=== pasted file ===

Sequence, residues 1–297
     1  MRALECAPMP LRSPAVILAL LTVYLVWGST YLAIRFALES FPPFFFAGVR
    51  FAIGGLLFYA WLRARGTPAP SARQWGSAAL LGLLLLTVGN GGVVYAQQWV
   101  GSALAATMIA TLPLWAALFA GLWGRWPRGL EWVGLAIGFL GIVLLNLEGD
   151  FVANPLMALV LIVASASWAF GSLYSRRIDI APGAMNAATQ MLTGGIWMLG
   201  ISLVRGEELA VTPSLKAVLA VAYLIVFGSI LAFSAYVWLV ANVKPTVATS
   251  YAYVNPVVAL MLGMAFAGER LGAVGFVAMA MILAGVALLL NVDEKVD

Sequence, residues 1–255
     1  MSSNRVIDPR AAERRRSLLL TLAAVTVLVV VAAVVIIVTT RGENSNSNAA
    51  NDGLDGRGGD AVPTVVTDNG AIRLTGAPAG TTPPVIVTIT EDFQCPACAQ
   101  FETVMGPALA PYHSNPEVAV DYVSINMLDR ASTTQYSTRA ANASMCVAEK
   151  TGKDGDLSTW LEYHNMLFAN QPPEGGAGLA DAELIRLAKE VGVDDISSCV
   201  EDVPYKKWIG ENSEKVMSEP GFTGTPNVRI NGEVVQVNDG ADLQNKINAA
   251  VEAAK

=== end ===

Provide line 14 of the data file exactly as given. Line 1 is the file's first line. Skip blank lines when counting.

   251  VEAAK